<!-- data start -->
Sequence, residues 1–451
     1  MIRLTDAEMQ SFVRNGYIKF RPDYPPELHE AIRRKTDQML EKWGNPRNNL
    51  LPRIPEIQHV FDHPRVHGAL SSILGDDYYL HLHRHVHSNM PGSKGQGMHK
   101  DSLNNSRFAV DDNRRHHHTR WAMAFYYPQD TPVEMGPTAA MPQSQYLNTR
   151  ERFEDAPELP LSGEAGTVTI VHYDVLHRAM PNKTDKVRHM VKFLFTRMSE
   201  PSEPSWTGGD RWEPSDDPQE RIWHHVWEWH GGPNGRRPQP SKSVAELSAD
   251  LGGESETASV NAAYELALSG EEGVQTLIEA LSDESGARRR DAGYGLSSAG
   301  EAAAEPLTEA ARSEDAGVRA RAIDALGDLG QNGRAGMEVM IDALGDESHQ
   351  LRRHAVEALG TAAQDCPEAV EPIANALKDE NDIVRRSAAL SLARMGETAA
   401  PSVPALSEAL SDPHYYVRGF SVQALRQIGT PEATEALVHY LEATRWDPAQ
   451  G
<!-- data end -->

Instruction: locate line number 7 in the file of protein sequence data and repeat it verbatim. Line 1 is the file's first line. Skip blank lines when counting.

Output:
   251  LGGESETASV NAAYELALSG EEGVQTLIEA LSDESGARRR DAGYGLSSAG